The process involves seeking the counsel of lawyers and professional advisors who are familiar with you, your family, and your concerns and goals. It is never wise to “DIY” an estate plan, as the laws, especially in Florida, are intricate and can be complicated for non-lawyers.

Who Should Have An Estate Plan?

When people think of an estate plan, they likely think of a last will and testament, which, in turn, brings to mind the elderly or super-wealthy. That’s a common misconception, as estate planning is for everyone. If you have assets and a family, you should execute an estate plan, no matter your age, wealth, or the state in which you live. While some factors, such as the size of your estate, do matter with regards to the planning process, most people should have an estate plan.

The Benefits Of An Estate Plan

Now that we’ve covered what an estate plan is and who should have one, we can move on to the benefits that an estate plan brings. The main purpose of estate planning is to secure and plan for the disposal of your assets when the time is right.

Other benefits and functions of estate planning include:

· Your assets will go to the right people (also known as your beneficiaries).

· You can plan for your financial investments.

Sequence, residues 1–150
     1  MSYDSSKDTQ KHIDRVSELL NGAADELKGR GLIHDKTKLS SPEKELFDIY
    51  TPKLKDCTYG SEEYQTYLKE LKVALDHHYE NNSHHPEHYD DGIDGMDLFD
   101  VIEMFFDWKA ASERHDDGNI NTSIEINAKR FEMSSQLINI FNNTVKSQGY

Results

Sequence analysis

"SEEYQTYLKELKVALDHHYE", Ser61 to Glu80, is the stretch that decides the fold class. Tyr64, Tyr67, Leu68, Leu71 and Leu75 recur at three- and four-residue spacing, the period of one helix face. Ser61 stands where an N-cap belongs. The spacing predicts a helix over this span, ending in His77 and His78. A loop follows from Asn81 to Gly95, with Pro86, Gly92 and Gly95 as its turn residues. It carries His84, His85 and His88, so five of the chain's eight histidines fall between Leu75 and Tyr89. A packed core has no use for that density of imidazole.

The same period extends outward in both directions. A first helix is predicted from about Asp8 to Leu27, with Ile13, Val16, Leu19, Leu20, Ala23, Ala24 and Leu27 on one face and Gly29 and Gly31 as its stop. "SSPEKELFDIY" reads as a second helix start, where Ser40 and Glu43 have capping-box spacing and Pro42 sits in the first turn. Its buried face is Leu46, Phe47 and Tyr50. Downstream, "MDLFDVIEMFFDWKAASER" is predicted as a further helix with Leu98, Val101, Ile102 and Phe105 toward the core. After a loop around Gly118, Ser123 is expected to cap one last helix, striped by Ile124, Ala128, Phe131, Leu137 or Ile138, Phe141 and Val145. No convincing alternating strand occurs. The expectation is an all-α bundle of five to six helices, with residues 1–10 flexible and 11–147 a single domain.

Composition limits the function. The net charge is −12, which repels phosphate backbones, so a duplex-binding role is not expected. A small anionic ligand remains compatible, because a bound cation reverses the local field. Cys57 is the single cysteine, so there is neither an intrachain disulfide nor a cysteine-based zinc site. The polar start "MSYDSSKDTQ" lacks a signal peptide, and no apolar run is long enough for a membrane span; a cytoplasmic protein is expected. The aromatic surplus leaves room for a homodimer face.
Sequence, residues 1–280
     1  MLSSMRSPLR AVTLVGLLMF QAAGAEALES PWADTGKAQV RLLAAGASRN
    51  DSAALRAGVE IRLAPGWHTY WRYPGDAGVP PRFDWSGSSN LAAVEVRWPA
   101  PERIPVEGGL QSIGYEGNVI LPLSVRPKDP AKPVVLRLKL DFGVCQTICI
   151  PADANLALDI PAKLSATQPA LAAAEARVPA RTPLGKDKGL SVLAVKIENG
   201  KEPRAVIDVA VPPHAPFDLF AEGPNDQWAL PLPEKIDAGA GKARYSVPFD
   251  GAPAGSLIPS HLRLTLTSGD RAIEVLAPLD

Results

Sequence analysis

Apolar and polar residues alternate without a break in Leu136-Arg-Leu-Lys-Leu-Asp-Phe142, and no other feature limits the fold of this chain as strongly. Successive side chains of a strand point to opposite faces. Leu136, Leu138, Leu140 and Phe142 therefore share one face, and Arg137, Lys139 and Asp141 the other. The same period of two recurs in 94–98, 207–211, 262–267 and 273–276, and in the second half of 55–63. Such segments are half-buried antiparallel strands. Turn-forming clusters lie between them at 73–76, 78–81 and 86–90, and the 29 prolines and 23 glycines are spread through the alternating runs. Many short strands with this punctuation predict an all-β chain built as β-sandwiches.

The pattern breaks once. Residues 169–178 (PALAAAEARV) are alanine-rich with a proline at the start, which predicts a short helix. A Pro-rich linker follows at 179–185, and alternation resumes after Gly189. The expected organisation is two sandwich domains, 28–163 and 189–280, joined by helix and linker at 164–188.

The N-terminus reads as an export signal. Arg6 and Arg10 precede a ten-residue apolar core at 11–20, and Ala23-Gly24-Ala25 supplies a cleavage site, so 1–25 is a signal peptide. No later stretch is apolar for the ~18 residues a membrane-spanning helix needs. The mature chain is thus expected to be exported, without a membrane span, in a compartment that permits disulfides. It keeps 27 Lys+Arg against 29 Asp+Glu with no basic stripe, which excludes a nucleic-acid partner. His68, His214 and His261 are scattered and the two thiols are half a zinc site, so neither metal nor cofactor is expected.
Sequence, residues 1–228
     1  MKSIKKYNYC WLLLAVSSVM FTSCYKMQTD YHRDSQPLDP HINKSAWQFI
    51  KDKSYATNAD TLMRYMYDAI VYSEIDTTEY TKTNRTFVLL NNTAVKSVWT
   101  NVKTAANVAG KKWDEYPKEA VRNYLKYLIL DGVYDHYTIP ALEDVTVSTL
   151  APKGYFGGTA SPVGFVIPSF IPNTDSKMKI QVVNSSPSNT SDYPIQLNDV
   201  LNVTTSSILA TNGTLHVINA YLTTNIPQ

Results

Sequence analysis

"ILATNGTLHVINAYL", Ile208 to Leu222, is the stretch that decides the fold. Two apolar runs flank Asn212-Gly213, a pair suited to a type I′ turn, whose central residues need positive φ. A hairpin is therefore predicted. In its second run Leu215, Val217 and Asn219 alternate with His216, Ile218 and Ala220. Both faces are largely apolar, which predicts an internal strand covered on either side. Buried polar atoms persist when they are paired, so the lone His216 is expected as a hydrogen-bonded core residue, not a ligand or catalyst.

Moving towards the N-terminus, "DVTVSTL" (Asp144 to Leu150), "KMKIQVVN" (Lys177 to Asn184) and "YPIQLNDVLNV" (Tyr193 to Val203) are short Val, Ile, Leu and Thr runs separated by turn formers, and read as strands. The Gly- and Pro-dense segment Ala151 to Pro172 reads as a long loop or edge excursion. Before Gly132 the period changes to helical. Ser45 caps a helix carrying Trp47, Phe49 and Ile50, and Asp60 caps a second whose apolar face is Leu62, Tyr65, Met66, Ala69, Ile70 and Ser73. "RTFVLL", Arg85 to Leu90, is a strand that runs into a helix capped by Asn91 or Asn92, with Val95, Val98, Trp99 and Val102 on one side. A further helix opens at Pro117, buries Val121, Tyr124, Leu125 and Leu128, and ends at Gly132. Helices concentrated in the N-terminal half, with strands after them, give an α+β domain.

· You can plan for your healthcare arrangements when you are at the end of your life.

· Guardianship for minors can be arranged.

· You can set up trusts.

· You can minimize the probate process, thus lessening its expenses, loss of privacy, and delays.

· Estate planning protects assets, and it can also protect the future of your business, if you own one.

This comprehensive list underscores the main reasons why you should have an estate plan. But, what if you’re still not sold? What can happen if you don’t have an estate plan? As it turns out, things can get disastrous.

What Happens If You Don’t Have An Estate Plan?

If you die without an estate plan in place, a court will deem to you to be “intestate,” and, therefore, subject to the rules of intestate succession. Your family and estate will go through probate court, an expensive, lengthy, and privacy-invading process. The probate court will distribute your assets as it sees fit, giving them to creditors and people who you might not have wanted to receive such property.

Common Estate Plan Documents

When setting up your estate plan, chances are that you’ll have one or more of these common documents in it: